Opening April 27 at the Museum of Geometric and MADI Art in Uptown Dallas, a new show will introduce the city to the engaging works of two Venezuela-born artists, Pedro Morales and Miguel Prypchan.
Morales uses the aesthetics of fractals and geometric abstraction to investigate the ubiquity of mobile technology in today’s life. Morales coined the phrase “mobile tagging art” to define the artistic expression that uses scanning, decoding and reading out geometric shapes to reveal content from aesthetic beauty.
Miguel Prypchan’s sculptures interpret traditional landscapes under the eyes of abstractionism, light, angles, perspective, and constructivism. His work seeks to intervene, humanize and positively transform public spaces and the experience of everyday citizens.
Prypchan lives and works in Caracas, Venezuela. Pedro Morales lives and works in Houston and Versailles, France.
The show runs April 27-July 15. Both artists will be present at the opening.
About Pedro Morales
Born in Venezuela and residing in Houston and Versailles, France, Pedro Morales is known for his pioneering digital art. His 1989 work “The Gaze” was made entirely on a PC 8088 and is one of the earliest works of digital art documented in the region. Morales received the Arturo Michelena Art Research Award in the Arts (1991). Venues in Linz, Shanghai, Paris, Bogota, Miami, and Caracas are just some of the locales throughout the world to display his work. He is the recipient of recognition and awards on numerous occasions and represented Venezuela in the 50th Venice Biennial “The Dictatorship of the Spectator” and his iconic “cityrooms.net” (2002-3), are among the first artistic creations made in and for the Internet. Censored by the government of his country, it was nevertheless seen and navigated by thousands of people online.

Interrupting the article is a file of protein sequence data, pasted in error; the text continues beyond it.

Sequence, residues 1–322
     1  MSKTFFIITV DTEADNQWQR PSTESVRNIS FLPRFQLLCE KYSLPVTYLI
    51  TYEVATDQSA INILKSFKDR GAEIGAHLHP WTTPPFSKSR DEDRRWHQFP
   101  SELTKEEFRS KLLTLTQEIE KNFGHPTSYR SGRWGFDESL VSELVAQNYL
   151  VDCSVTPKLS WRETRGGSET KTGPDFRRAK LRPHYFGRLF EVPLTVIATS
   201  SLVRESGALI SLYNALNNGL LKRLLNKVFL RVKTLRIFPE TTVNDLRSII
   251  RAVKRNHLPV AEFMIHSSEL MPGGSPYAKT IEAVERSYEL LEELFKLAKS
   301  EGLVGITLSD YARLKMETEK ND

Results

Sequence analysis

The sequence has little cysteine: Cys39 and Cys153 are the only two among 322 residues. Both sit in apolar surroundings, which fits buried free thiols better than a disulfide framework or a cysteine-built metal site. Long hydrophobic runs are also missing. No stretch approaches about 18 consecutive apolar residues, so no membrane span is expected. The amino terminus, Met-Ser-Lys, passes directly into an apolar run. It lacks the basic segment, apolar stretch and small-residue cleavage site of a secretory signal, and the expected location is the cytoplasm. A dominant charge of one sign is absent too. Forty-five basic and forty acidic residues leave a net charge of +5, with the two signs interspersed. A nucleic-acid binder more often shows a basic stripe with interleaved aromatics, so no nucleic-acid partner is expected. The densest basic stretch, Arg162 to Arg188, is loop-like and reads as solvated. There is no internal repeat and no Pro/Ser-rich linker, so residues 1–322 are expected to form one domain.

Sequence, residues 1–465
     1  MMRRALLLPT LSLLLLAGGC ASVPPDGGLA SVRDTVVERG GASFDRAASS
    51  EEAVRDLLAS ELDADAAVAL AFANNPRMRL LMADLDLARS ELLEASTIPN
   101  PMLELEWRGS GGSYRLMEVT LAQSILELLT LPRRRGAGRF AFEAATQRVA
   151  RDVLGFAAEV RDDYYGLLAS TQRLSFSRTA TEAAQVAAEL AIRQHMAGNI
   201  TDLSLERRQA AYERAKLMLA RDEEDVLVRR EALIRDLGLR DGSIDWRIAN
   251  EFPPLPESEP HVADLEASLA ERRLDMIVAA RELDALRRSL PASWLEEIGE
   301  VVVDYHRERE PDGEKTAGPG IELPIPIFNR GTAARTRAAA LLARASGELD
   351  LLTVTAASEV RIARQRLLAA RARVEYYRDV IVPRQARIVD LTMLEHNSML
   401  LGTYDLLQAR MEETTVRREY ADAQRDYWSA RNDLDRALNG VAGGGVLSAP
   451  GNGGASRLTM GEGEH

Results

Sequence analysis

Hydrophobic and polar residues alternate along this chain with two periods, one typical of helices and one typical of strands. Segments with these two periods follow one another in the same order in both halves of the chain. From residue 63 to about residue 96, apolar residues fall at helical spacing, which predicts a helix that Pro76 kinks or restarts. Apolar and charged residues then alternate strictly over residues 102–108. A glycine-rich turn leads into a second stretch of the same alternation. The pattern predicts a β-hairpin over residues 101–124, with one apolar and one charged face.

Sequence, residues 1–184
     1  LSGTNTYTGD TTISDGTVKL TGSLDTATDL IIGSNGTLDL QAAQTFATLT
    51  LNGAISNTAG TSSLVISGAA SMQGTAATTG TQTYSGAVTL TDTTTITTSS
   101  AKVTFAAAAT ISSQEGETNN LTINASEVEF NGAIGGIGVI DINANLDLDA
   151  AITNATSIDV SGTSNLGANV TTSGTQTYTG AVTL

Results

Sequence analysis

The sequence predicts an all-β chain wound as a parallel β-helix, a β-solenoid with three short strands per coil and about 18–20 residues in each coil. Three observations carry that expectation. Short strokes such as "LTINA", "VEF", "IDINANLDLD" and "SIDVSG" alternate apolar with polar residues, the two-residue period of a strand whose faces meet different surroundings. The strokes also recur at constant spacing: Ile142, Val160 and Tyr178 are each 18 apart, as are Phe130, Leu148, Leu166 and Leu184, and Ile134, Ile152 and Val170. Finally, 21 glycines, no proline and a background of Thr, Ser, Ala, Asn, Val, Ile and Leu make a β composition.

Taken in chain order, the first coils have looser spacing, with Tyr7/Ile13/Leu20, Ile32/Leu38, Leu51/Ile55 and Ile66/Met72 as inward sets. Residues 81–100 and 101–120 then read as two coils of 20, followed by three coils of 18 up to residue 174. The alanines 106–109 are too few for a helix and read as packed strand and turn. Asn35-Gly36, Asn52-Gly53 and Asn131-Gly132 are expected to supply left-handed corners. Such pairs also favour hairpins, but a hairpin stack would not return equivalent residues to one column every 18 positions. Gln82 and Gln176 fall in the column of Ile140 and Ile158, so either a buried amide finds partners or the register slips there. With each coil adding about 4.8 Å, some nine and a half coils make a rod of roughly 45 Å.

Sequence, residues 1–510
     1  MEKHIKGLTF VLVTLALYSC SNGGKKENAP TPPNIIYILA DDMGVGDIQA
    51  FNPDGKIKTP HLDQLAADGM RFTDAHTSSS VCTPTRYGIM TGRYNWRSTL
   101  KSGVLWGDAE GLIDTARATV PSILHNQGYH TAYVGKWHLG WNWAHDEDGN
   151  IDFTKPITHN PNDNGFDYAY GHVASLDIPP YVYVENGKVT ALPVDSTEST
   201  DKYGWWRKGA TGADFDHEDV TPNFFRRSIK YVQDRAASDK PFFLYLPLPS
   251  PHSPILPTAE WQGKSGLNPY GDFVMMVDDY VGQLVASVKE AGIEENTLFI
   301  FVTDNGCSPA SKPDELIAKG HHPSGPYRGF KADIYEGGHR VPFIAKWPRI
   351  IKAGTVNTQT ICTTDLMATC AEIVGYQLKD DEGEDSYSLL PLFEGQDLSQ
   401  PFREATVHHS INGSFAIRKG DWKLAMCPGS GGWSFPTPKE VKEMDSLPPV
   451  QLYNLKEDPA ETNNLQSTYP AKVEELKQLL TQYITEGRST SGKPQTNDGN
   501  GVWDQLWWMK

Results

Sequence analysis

About Miguel Prypchan
Plastic artist, pilot, and lawyer Miguel Prypchan lives and works in Caracas Venezuela. He is a graduate of Universidad Central de Venezuela (UCV), with studies in Social Communication and Museology. He began to craft in a three-dimensional sphere in 2007. Art fairs from Caracas, Bogata, and Lima to New York, Palm Beach, and Miami showcase his work. His art interprets traditional landscape through the eyes of abstractionism, light, angles, perspective, and constructivism. Through it, he intervenes, humanizes and positively transforms public spaces and in many cases, viewers.
About The Museum of Geometric and MADI Art:
Located in Uptown Dallas, the Museum of Geometric and MADI Art (the MADI) is the only museum dedicated to MADI art and the primary point of focus for the MADI movement in the United States. Opening in 2003, the MADI has presented exhibitions of MADI art including MADI movement founder Carmelo Arden Quin, as well as works by contemporary artists working in geometric forms. Find out more about the Museum of Geometric and MADI Art at http://www.geometricmadimuseum.org, or call (214) 855-7802